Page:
Efforts to have the site designated a historical landmark have been ongoing since 1989, Zack said. “I think this time we’re going to be successful.”

The committee plans to work alongside the Pasadena Unified School District to develop a curriculum for students regarding the local area’s Civil War-era history, to include elements such as a video, she said.

The Altadena and Pasadena areas have a rich history related to abolitionism, according to Zack. “We want to bring that into our local classrooms.”

She thanked the current property owner and developer, Tim Cantwell, her colleagues on the Owen Brown Gravesite Committee, and local historian and preservationist Paul Ayers for their dedication to the project.

In addition to allowing the land to be placed into a conservancy, Cantwell offered to advance the cost of replacing the headstone, allowing the project to move forward faster without waiting for county funding to officially come through, Zack said.

“Without developer Tim Cantwell’s cooperation and hard work, such an outcome could not have been achieved,” Altadena Heritage said in a written statement.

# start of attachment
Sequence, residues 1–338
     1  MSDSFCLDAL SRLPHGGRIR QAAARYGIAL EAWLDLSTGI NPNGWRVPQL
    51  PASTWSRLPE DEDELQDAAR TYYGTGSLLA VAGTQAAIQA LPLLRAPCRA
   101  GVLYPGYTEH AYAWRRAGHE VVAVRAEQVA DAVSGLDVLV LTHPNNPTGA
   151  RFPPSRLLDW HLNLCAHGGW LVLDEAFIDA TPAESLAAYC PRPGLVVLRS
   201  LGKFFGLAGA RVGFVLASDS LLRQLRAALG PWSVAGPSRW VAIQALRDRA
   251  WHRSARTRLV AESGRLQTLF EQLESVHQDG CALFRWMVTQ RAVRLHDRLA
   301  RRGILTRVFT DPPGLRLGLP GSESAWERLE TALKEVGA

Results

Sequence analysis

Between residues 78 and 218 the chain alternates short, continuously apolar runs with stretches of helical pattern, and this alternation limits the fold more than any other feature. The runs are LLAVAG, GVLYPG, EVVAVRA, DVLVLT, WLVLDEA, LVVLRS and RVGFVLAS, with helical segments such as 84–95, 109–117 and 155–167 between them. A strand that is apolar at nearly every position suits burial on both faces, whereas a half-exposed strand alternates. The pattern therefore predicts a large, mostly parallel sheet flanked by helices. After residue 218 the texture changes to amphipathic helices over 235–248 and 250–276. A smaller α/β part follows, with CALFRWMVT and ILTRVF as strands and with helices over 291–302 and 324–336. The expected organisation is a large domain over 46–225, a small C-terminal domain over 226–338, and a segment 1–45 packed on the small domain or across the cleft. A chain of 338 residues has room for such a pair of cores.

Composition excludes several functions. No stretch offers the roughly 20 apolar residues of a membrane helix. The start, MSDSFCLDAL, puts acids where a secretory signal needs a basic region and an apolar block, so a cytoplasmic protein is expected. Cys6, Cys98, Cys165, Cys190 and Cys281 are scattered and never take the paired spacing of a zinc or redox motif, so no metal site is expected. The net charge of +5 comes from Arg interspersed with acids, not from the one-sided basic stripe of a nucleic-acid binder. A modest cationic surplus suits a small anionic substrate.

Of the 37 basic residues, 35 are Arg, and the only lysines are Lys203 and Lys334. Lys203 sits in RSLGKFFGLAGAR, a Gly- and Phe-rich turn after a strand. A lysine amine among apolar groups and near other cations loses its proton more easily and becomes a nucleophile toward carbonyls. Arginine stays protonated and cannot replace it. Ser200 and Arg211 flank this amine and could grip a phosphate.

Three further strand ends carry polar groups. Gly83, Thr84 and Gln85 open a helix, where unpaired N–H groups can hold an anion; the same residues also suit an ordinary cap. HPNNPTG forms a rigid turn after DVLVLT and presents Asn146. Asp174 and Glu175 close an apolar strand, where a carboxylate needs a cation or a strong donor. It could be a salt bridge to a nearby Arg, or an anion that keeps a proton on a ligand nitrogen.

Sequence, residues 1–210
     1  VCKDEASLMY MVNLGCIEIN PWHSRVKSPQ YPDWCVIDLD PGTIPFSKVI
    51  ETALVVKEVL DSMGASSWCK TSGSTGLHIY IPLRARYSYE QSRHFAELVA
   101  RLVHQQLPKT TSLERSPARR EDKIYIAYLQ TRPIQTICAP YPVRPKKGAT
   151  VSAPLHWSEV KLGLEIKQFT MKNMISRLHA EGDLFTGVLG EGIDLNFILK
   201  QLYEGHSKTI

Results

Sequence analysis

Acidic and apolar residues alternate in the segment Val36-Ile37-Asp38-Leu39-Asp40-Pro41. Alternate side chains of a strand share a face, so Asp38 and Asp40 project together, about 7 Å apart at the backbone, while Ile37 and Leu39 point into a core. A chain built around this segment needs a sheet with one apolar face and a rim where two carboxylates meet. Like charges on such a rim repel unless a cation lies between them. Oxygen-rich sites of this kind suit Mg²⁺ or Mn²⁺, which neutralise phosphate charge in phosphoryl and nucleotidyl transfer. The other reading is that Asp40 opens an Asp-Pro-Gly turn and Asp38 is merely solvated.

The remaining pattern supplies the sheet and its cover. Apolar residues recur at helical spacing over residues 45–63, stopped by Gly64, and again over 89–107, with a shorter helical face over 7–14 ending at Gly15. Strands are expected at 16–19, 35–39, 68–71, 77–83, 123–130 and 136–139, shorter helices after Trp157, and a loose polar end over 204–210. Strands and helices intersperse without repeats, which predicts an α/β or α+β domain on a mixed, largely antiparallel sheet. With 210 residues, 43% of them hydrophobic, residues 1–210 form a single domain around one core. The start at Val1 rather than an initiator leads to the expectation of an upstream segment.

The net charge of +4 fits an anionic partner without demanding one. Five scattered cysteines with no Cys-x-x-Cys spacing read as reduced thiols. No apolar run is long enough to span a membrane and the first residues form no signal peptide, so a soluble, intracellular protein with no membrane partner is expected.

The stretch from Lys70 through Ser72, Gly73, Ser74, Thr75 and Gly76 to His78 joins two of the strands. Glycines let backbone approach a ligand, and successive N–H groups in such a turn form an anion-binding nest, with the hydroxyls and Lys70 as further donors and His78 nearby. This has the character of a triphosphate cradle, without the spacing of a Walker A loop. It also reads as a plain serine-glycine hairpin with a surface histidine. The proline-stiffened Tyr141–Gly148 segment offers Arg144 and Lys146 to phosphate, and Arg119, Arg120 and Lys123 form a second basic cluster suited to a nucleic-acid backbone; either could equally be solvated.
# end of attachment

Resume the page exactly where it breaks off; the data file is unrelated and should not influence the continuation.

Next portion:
In addition to Zack, who represents Altadena Heritage, the committee includes Diane Marcussen, representing the Altadena Town Council; Marietta Kruells, representing Altadena Trails; and John Burton, representing The Meadows neighborhood.

The gravesite has been a source of controversy in the past, with the landowner at the time attempting to prevent access to the site in 2006, before a court declared the public had the right to visit the grave.

The monument went missing in 2004, then was found again in 2012 by a hiker, having apparently been rolled down a hill. Since the headstone’s recovery, preservationists and historians have been working to see it restored to the grave.

Owen Brown was the son of famed abolitionist John Brown, who was hanged after leading the failed 1859 raid on the federal armory at Harpers Ferry, Virginia.

Owen Brown fled following the ill-fated raid and spent two decades as a fugitive.

Despite a $25,000 bounty on his head, he continued working to help escaped slaves transit the underground railroad, according to the Los Angeles Times.

Owen Brown settled in Altadena, following his brother and sister, in the early-1880s. He received a hero’s welcome.